In 1895, Lewis Carroll formulated his well-known logical paradox about the possibility of infinite premises being required to reach a single conclusion.
Firstly, two or more premises are usually linked to a conclusion in a logical argument.
How are they linked?
Now that can often be a question of the logical - or indeed metaphysical - nature of the link between premises and conclusion: whether it's an example of entailment, consequence, implication or whatnot. However, that wasn't the point that Lewis Carroll was making. He was making a purely logical (not a philosophy-of-logic) point.
To put this simply: in order to justify or explain how the premises are related to the conclusion (or how the premises entail or imply the conclusion), other premises will need to be brought into the argument in order to do so. Moreover, a further premise will be required in order to tell us (or show us) how (or why) it's the case that if the premises are true, then the conclusion must follow and also be true.
That added explanation (or justification) will itself now be a premise within the argument.
Of course now the same problem will repeat itself.
Just as we brought in a premise to link two (or three) premises to a conclusion: now we have to say how this new premise is itself linked to those two (or three) premises. Or, alternatively, how all three (or four) premises (when taken together) are linked to the conclusion.
A solution has been offered to this logical paradox. That solution is simply to say that the added premise isn't needed in the first place. That is, there's a link between premises and conclusion which doesn't need to be explained (or justified) by a further premise.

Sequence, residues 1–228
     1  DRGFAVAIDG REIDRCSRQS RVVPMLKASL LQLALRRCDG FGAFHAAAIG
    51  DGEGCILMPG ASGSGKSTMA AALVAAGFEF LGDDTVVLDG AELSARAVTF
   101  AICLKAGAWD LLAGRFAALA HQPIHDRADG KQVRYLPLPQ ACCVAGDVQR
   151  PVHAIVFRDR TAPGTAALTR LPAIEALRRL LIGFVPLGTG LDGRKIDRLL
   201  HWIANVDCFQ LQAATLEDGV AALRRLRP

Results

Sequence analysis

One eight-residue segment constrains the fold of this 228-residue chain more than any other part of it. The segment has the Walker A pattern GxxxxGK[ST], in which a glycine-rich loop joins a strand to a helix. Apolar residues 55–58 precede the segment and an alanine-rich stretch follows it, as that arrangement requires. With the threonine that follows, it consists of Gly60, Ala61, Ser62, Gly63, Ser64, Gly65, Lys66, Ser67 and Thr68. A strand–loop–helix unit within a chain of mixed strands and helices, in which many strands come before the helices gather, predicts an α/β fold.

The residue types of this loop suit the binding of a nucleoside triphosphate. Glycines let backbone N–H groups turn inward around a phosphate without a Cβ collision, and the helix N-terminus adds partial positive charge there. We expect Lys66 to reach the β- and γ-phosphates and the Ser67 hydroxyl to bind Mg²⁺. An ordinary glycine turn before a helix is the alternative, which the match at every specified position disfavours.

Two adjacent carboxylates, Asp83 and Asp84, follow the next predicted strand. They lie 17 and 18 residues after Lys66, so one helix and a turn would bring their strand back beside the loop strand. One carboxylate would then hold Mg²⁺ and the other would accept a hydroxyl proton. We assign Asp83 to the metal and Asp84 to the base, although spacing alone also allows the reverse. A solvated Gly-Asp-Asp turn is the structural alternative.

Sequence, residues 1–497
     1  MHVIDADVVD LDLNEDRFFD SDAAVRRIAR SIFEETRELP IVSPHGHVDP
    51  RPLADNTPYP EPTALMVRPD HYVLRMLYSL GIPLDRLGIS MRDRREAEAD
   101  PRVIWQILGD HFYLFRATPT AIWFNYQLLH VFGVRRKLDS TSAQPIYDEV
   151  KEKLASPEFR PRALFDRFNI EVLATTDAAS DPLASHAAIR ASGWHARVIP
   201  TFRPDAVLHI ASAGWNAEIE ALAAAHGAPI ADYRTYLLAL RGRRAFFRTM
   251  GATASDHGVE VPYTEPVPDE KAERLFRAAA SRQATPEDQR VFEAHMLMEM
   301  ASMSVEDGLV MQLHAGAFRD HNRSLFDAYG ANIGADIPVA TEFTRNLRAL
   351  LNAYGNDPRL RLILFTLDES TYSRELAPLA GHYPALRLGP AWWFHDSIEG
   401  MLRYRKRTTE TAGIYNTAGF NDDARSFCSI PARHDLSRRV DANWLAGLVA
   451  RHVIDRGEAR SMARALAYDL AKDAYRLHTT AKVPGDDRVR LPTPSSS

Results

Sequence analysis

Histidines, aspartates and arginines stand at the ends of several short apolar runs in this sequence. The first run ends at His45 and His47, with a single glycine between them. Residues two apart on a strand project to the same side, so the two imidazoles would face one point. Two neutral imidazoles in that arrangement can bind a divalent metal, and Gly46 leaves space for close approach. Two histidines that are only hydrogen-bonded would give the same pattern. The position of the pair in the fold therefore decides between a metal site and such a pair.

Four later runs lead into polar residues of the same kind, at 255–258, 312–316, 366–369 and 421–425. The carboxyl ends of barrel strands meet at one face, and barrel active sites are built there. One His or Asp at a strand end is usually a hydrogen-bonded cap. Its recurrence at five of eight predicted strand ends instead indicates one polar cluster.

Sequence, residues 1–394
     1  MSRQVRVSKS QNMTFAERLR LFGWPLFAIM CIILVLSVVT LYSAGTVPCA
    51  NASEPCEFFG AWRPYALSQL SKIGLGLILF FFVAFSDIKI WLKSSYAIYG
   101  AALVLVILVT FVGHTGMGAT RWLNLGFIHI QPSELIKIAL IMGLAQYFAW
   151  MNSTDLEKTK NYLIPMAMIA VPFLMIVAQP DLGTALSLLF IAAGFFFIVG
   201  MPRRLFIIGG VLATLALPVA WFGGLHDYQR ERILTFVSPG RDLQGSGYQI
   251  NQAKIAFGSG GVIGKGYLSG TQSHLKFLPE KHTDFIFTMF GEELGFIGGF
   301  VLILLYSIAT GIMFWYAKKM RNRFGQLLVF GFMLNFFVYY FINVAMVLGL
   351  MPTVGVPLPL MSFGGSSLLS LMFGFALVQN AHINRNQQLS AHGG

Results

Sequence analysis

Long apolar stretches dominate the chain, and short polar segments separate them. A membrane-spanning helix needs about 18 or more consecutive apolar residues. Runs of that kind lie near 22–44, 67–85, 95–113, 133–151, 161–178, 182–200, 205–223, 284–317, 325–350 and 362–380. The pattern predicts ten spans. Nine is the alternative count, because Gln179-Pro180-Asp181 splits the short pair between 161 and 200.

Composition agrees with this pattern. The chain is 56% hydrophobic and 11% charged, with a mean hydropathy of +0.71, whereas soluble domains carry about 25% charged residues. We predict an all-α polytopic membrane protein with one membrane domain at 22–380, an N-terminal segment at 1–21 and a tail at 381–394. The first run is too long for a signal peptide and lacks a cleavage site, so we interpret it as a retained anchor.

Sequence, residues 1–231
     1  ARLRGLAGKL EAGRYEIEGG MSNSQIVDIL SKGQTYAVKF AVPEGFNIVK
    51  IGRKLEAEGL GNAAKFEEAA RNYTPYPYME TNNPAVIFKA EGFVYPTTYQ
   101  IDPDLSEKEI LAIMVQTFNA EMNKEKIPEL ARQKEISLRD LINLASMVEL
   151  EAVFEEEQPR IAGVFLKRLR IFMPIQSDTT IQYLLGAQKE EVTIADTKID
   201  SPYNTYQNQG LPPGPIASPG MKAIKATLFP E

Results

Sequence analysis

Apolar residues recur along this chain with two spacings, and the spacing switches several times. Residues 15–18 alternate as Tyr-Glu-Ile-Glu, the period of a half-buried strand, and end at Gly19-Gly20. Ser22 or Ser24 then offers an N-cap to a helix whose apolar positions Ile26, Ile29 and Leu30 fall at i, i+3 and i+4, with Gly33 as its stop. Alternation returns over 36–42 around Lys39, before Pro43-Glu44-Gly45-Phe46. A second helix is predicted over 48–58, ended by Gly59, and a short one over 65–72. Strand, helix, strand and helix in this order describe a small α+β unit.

Why is that?
The simple solution is to say that the premises and conclusion are linked simply by a rule of inference. That rule itself explains (or shows) the relation between the premises and the conclusion.
Nonetheless, that sounds (at a prima facie level) like a cop-out. To simply say that premises are linked to a conclusion by a rule of inference doesn't appear to be saying anything... much. Indeed that rule, again, will need to be explained by a further premise. It can also be said that saying that "premises are linked to a conclusion by an inference rule" is itself a justification or a further premise.
That's unless that rule of inference somehow works without any justification or explanation. In other words, it's not a justification: it's just a rule. Perhaps it's something that "can be seen but not said” (Wittgenstein’s phrase); just as the logical nature of the logical constants can't be said; only seen.